Now, nerd properties have become viable film franchises, and you know what? Movies make more money than comics. Here's a fun stat:
In 2013, the market for comic books was $365 million. Like, all comic books combined (monthly print comics) made $365 million in the United States. Guess what the combined box office for both "Fantastic Four" was, including the "flop" "Rise of the Silver Surfer?" $619 million.
$619 Million! For two movies! That's just the tip of the nerd-film iceberg. There are like a dozen superhero movies coming out every year!
While these films are based on comics, we are very rapidly moving into a world where the comics become... subservient to the films. Comics seem to serve two purposes now:
1. They offer a low-risk sandbox for big media companies to try out new ideas. The most successful ideas will some day become films. Marvel is literally Disney's House of Ideas (for films).
2. They act as marketing collateral for those films. Thor movie coming out using Malekith as a villain? You better believe Malekith is going to be ALL OVER the comics leading up to that film's release.
If you're Marvel Comics and your Fantastic Four comics are making maybe a couple hundred thousand dollars a year (MAYBE) and you're not getting a ton of money from box office sales (because rights) and every new Fantastic Four comic character you create belongs to Fox for film-making purposes, why would you keep putting time and capital into producing that comic? It's sad but it doesn't make any sense from a business perspective.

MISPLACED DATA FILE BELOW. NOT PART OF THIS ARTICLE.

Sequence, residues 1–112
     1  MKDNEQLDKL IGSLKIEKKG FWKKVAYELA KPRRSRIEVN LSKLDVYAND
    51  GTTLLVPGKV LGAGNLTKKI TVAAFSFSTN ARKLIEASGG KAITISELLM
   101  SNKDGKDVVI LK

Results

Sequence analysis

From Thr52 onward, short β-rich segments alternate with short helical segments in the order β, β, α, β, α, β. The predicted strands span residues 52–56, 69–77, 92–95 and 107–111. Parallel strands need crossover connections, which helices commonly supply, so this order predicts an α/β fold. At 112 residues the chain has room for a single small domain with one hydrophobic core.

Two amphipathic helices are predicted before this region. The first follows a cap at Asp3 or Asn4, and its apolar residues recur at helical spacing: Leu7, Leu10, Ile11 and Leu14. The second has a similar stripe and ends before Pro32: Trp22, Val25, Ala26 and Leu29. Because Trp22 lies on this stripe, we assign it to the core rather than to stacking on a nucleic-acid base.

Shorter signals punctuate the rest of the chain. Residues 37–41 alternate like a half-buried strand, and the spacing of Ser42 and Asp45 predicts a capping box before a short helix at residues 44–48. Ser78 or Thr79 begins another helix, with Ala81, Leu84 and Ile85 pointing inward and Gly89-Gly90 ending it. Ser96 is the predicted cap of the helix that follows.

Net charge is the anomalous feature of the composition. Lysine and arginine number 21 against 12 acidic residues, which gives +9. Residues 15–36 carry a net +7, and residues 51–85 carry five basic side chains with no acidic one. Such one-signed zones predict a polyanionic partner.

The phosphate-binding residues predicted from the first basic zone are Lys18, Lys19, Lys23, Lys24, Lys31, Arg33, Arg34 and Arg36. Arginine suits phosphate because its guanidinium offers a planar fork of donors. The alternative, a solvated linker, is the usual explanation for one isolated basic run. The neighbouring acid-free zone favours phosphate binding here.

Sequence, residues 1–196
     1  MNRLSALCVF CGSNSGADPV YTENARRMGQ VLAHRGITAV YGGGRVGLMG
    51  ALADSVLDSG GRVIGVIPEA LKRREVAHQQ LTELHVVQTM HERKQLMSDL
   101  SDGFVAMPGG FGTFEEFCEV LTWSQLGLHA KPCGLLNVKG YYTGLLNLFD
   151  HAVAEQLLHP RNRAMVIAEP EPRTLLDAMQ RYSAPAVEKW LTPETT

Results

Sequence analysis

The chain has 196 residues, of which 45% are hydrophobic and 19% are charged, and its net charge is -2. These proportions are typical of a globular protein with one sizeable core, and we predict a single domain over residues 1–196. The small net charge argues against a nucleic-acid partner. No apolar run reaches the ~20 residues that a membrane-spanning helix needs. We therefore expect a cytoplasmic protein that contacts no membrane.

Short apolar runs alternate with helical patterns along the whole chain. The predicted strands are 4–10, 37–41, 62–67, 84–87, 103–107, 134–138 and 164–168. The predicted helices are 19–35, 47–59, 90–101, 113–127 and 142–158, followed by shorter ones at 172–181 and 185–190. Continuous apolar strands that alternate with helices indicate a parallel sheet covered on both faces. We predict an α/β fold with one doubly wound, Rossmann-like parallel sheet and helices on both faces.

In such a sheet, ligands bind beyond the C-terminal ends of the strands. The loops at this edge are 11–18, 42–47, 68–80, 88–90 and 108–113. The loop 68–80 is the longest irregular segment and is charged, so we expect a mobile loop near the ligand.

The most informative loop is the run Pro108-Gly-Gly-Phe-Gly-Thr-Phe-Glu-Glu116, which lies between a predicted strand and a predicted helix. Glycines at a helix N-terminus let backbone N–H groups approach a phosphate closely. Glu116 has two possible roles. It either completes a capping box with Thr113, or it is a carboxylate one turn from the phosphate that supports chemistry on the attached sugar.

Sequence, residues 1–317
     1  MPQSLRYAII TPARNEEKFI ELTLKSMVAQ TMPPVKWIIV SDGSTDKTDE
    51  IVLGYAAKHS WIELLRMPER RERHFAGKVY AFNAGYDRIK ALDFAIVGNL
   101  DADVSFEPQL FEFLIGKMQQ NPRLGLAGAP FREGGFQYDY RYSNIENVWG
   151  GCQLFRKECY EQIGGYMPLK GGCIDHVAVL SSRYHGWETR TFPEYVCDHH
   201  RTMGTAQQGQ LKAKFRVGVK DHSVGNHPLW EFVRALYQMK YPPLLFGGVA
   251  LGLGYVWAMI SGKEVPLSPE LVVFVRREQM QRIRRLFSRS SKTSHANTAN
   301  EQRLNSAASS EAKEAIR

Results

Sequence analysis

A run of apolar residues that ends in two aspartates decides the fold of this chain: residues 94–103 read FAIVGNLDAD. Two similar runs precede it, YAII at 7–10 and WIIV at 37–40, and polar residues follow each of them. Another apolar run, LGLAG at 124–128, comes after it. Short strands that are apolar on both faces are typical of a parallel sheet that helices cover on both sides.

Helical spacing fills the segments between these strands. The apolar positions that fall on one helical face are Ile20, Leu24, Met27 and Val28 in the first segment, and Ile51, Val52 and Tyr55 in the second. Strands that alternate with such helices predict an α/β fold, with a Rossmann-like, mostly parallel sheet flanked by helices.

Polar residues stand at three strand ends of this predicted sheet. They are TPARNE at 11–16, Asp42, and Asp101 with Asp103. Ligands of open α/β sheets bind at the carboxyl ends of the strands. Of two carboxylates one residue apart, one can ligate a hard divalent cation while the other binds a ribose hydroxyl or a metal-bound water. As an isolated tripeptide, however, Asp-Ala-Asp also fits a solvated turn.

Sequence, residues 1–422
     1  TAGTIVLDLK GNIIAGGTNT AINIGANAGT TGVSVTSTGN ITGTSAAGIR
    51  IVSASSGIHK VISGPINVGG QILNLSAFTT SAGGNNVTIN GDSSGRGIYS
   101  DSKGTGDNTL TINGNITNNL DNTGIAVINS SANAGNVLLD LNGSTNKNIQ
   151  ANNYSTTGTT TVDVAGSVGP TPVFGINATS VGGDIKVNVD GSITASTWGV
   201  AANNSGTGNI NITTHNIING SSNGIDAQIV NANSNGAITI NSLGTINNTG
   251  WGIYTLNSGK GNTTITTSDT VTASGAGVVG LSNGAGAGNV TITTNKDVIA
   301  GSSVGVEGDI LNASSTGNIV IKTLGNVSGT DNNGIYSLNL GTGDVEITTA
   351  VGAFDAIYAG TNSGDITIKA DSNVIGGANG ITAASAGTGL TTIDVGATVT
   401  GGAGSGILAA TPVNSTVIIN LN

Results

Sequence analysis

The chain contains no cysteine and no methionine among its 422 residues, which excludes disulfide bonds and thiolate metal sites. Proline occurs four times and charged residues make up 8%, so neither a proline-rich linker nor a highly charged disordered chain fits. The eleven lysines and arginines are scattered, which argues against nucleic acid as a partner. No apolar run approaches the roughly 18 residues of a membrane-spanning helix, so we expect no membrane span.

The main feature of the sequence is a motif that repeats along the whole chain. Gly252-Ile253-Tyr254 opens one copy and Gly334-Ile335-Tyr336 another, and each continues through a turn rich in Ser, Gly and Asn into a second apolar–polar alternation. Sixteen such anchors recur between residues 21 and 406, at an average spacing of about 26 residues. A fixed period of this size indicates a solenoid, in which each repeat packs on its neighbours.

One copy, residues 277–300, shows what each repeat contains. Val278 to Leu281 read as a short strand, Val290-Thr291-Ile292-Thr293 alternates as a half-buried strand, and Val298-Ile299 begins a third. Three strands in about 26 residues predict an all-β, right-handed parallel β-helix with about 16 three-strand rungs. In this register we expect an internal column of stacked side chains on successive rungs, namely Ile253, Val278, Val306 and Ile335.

I get it. I hate it, but I get it. The shitty thing is that means the film version of the Fantastic Four becomes, in some ways, the de facto Fantastic Four. Those comic characters nerds loved aren't gone, really, and again, I'm still hoping we see a relaunch of the comic soon, but the... popular public movie version of the FF will now be the only FF for most people.
And the film version are for most people. Because they don't make the movies for us. They don't make these movies for nerds. They make them for everybody. These are big tent-pole pictures and so they need to... smooth them out around the edges to appeal to as many people as possible. For instance, we get a young, sexy Reed Richards instead of the older, professorial Reed. You'll get less technobabble. Jessica Alba plays the Invisible Woman. Galactus is a cloud instead of an impossibly huge person. You need to make the films as appealing to as many people as possible because there is a lot of money riding on each one.
The cool thing is we now get a ton of new nerds. We get tons of people who would never have picked up a comic who know who the Thing and Doctor Doom are. Many of these people will catch the bug and become part of the nerd/geek community. The community gains a ton from these new, diverse members.
But we do lose a little something. In this case, at least for a little bit, we're losing the World's Greatest Comic Magazine. I am very, very happy for what successful superhero movies are doing for geeks, but I do hate to see that sometimes, we lose things that are valuable to us. I'm going to miss the FF, and I hope I get to see them (in print) some time soon.